This Article contends that on remand, the circuit majority should join the Eighth Circuit and uphold the right of religious nonprofits to forego the notice required under the Accommodation. Contrary to the majority’s claim, Hobby Lobby and Holt v. Hobbs preclude courts from deciding whether the ACA (or any other statute) actually burdens a religious adherent’s sincerely held beliefs. Although, as Chief Justice Marshall famously declared, “it is emphatically the province and duty of the judicial department to declare what the law is,” courts lack the authority and competence to declare what the religious commitments of a faith are and when those commitments are violated. Under the Court’s free exercise precedents, courts can determine only whether the government puts a religious practitioner to the choice of engaging in conduct that violates her beliefs or disobeying the government’s policy and facing “serious” consequences. Religious and philosophical questions regarding moral complicity are left to religious adherents, not the courts. As the Founders recognized, religious and moral questions transcend the legal, imposing a different – and higher – obligation on religious believers. For religious adherents, only God (through a religious authority determined in accordance with their sincere religious beliefs) can determine whether an action makes them complicit in sin. Consequently, as the Court explained in Hobby Lobby, “question[s]” about moral complicity are ones “that the federal courts have no business addressing.”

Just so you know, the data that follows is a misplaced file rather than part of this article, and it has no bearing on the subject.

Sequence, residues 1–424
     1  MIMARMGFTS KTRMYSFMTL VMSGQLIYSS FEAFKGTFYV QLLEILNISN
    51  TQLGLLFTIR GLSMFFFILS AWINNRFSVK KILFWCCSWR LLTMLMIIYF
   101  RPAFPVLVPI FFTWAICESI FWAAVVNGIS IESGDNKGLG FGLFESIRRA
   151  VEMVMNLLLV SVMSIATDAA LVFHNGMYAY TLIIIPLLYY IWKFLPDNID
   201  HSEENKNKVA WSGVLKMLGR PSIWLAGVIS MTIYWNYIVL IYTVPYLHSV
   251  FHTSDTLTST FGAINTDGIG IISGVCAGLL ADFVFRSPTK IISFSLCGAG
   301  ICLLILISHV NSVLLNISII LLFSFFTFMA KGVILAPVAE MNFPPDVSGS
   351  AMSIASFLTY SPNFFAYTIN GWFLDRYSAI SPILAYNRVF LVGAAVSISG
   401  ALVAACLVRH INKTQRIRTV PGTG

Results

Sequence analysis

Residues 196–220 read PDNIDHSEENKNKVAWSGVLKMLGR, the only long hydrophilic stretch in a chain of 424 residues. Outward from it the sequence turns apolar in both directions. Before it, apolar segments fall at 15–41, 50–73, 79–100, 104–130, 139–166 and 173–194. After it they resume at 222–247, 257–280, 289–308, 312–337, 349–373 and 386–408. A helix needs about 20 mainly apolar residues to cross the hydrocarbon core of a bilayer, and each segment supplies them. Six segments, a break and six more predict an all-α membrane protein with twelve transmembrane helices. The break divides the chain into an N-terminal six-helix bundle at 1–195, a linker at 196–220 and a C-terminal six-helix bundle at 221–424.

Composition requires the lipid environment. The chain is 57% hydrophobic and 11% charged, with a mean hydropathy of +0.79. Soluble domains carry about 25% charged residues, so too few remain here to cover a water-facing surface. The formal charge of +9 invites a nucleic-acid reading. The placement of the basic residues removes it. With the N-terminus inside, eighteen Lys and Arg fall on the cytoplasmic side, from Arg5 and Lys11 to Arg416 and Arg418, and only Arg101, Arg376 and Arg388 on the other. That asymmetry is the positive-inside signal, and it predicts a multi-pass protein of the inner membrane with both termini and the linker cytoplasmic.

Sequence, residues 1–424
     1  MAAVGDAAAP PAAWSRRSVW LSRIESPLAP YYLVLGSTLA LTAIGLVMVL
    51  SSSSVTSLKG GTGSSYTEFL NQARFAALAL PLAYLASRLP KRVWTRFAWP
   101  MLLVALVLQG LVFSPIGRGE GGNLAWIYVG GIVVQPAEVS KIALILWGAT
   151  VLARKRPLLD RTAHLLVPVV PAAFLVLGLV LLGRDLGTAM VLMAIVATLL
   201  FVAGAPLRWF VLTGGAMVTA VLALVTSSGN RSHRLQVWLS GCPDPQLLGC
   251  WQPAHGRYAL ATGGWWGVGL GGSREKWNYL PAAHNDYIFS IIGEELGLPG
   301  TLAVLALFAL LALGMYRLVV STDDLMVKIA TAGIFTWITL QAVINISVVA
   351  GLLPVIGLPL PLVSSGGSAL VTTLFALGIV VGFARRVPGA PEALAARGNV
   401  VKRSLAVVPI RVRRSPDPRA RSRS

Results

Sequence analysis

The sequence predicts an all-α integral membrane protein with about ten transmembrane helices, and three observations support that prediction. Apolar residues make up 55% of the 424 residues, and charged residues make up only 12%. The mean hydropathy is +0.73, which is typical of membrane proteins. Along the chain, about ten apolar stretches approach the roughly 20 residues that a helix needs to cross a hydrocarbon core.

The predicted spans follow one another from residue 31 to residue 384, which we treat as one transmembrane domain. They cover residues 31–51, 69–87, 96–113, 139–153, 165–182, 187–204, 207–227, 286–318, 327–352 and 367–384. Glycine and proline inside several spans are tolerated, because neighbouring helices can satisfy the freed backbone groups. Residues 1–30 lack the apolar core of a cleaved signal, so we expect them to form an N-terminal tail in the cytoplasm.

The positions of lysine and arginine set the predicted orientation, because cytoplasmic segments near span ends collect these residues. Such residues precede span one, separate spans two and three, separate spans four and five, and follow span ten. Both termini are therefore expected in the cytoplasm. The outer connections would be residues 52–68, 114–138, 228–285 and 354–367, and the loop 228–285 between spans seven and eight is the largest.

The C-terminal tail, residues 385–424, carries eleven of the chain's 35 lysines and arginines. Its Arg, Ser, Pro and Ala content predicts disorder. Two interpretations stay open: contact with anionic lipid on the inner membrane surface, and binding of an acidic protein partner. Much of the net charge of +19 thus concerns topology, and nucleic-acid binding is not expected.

Scott W. Gaylord,
RFRA Rights Revisited: Substantial Burdens, Judicial Competence, and the Religious Nonprofit Cases,
81 Mo. L. Rev.
Available at: https://scholarship.law.missouri.edu/mlr/vol81/iss3/5